Alleged Chinese interference ‘intolerable,’ Joly says as Trudeau meets Xi at G20 – National | Globalnews.ca

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Alleged Chinese interference in Canadian society is “intolerable,” Foreign Affairs Minister Melanie Joly said Tuesday as federal leaders met with their counterparts amid the G20 Summit.

According to a senior government source, Prime Minister Justin Trudeau initiated a conversation with President Xi Jinping following a morning meeting of G20 leaders in Bali, Indonesia. It lasted a few minutes, and the leaders discussed the reports of Chinese interference, Russia’s invasion of Ukraine and North Korea. They agreed to keep in touch, the source said.

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G20: Canada pushes to further isolate Russia, quiet on chance of meeting China’s Xi

Joly also spoke with her Chinese counterpart on Tuesday.

“I’ve said it many times and I said it to my counterpart: we won’t accept any form of meddling in our governments, in our elections, and we won’t tolerate any form of foreign interference in Canada,” Joly told reporters.

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“It’s not a discussion. It’s intolerable and that’s our position.”

Joly added it’s a priority for the government to ensure security and law enforcement agencies are working to ensure to safety of Canada’s institutions.


Click to play video: 'How will Trudeau handle China at G20 after reports of alleged election interference'


How will Trudeau handle China at G20 after reports of alleged election interference


Alleged Chinese interference in Canadian society has made headlines as of late, after Global News reported on Nov. 7 that China reportedly funded a clandestine network of at least 11 federal candidates who ran in the 2019 election, among other allegations of election interference in that campaign.

Furthermore, Quebec RCMP announced Monday the arrest of a former Hydro-Quebec employee they allege obtained trade secrets from the utility to benefit the Chinese government. And last month, RCMP officers announced they had begun an investigation into “reports of criminal activity in relation to so-called Chinese ‘police’ stations” in Canada.

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Trudeau said on Nov. 7 that China and other nations were playing “aggressive games” with democracies; a Chinese foreign ministry spokesperson said on Nov. 8 that Canada should stop making remarks that hurt relations with China.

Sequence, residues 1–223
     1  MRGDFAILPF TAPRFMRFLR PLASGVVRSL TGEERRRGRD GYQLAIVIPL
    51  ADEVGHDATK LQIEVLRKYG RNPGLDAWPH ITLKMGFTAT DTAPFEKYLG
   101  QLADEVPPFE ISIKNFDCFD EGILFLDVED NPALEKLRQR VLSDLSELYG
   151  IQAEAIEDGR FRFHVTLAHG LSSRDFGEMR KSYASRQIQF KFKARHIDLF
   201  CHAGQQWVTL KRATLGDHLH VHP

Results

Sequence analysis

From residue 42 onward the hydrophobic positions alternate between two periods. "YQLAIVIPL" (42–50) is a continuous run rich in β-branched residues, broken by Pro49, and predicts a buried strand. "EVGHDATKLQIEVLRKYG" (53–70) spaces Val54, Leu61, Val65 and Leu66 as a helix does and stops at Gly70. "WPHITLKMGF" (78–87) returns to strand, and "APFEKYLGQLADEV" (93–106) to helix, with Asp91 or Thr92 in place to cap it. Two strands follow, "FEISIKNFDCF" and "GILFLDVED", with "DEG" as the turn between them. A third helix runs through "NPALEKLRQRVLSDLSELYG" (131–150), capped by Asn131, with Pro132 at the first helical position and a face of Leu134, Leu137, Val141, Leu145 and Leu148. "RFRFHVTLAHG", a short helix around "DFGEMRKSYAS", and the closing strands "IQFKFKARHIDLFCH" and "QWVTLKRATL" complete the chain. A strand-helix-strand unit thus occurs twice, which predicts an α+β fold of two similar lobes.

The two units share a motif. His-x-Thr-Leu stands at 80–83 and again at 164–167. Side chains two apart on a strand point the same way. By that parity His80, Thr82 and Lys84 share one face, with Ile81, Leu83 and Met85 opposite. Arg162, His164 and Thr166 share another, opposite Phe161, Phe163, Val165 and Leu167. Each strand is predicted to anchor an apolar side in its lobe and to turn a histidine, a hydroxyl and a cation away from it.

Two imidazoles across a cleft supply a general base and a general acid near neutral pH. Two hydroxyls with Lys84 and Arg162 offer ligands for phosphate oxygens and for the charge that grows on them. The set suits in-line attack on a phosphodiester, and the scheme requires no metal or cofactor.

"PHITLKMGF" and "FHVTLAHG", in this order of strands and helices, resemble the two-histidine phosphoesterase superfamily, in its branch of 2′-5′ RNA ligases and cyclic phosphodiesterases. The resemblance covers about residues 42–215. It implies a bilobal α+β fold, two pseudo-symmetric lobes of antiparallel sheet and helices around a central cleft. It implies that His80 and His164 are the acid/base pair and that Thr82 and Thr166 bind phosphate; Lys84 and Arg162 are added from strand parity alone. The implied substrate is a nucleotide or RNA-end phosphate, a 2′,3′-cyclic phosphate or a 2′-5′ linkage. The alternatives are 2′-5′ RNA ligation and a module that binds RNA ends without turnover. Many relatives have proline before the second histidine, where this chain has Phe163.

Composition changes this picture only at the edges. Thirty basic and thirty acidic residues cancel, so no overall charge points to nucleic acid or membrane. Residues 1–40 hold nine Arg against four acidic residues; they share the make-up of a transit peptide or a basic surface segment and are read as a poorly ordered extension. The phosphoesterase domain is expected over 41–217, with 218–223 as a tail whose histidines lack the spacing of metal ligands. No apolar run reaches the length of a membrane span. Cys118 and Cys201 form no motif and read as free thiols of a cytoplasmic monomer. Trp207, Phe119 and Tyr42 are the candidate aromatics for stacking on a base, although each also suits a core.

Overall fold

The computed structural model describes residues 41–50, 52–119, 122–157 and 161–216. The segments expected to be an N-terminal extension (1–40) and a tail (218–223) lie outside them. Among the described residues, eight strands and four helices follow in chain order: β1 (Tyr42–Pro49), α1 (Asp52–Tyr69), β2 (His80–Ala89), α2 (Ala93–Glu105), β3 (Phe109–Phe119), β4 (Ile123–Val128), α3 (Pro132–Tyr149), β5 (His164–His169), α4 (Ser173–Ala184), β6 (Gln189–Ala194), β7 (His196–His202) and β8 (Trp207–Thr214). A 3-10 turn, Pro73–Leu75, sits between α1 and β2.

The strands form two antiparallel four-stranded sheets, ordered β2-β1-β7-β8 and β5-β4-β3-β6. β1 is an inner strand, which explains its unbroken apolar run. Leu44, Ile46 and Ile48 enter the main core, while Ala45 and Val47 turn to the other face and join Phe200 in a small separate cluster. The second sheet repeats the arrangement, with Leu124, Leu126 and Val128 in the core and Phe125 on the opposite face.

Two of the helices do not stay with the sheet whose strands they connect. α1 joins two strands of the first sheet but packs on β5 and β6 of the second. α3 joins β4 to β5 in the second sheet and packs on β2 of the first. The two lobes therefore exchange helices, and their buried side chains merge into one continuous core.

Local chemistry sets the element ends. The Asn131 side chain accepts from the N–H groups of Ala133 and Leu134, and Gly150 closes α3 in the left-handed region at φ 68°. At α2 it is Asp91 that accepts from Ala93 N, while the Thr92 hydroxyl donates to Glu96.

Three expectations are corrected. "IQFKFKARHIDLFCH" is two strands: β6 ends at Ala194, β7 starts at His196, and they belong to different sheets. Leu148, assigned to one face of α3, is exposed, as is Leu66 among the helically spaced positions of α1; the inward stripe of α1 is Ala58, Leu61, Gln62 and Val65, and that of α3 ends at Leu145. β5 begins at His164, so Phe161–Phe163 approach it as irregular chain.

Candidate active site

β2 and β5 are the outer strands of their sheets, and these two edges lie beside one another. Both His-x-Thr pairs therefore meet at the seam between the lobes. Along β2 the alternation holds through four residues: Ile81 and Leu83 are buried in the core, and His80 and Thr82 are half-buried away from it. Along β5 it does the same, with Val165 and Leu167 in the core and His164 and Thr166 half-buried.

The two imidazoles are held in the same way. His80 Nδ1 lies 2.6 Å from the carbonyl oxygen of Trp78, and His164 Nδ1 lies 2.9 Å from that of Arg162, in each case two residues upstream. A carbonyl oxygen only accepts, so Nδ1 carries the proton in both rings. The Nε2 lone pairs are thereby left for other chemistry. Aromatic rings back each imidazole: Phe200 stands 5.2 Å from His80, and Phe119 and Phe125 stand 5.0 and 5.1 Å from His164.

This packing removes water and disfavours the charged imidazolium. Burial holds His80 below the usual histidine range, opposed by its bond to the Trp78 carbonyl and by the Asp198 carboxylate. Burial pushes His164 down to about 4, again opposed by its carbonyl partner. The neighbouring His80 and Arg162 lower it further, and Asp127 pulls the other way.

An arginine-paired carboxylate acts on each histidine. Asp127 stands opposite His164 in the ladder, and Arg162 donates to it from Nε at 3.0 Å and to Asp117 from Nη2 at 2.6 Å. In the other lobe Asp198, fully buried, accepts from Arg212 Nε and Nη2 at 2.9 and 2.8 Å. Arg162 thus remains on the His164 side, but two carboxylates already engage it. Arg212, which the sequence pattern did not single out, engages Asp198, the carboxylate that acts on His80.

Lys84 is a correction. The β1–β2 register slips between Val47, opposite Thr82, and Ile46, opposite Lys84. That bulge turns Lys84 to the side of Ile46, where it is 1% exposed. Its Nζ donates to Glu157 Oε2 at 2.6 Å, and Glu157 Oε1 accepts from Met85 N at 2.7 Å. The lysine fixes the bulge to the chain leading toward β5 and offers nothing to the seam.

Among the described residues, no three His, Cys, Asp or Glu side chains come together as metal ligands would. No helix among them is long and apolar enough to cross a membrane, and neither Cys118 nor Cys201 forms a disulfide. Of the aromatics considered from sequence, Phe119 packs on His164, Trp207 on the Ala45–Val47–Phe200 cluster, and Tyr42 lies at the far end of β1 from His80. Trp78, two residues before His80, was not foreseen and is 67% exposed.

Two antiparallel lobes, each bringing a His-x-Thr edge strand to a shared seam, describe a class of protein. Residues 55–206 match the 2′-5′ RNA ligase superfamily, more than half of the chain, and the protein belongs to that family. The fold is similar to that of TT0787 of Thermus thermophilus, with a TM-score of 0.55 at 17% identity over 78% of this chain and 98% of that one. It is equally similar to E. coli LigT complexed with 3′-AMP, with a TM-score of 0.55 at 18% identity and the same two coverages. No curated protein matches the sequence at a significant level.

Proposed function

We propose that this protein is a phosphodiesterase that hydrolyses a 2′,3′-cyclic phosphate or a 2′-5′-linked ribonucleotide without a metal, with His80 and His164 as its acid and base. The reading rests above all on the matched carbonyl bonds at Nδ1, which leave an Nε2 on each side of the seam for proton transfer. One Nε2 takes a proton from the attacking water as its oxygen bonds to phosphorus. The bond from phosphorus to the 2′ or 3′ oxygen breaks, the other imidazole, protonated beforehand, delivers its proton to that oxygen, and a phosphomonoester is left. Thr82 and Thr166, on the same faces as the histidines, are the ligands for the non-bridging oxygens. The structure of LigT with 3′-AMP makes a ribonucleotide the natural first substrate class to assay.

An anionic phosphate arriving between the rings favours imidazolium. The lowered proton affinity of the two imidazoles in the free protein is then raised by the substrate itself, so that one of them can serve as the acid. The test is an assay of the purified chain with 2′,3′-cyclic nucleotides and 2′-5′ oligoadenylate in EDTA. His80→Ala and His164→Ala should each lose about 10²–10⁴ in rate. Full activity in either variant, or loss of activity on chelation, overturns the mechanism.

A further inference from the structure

Click to play video: 'Size of alleged Chinese interference in Canada ‘astonishing’: experts'


Size of alleged Chinese interference in Canada ‘astonishing’: experts


The brief interaction with the Chinese leader came as Trudeau announced a new funding commitment for developing countries. Trudeau pledged $750 million for infrastructure projects in Asia over three years, starting next March. The funding will be administered by FinDev Canada, which currently has a mandate to operate in Sub Saharan Africa, Latin America and the Caribbean. It will now also help fund projects in developing countries in Asia.

It’s the largest chunk of the forthcoming Indo-Pacific strategy the Liberals have announced so far, and part of a G20 project meant to help low-and middle-income countries have safer and more sustainable cities.

Read more:

Canada sanctions 23 Russians, announces $500M military aid package for Ukraine

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Trudeau also announced $80 million for global health systems, with most of the funding going to a World Bank project that helps countries prevent pandemics and respond to them. The funding will also support projects that help developing countries manufacture COVID-19 mRNA vaccines.


Click to play video: 'G20: Canada announces $750 million for infrastructure projects in Indo-pacific'


G20: Canada announces $750 million for infrastructure projects in Indo-pacific


— with files from Global News’ Mackenzie Gray, The Canadian Press and Reuters

&copy 2022 Global News, a division of Corus Entertainment Inc.

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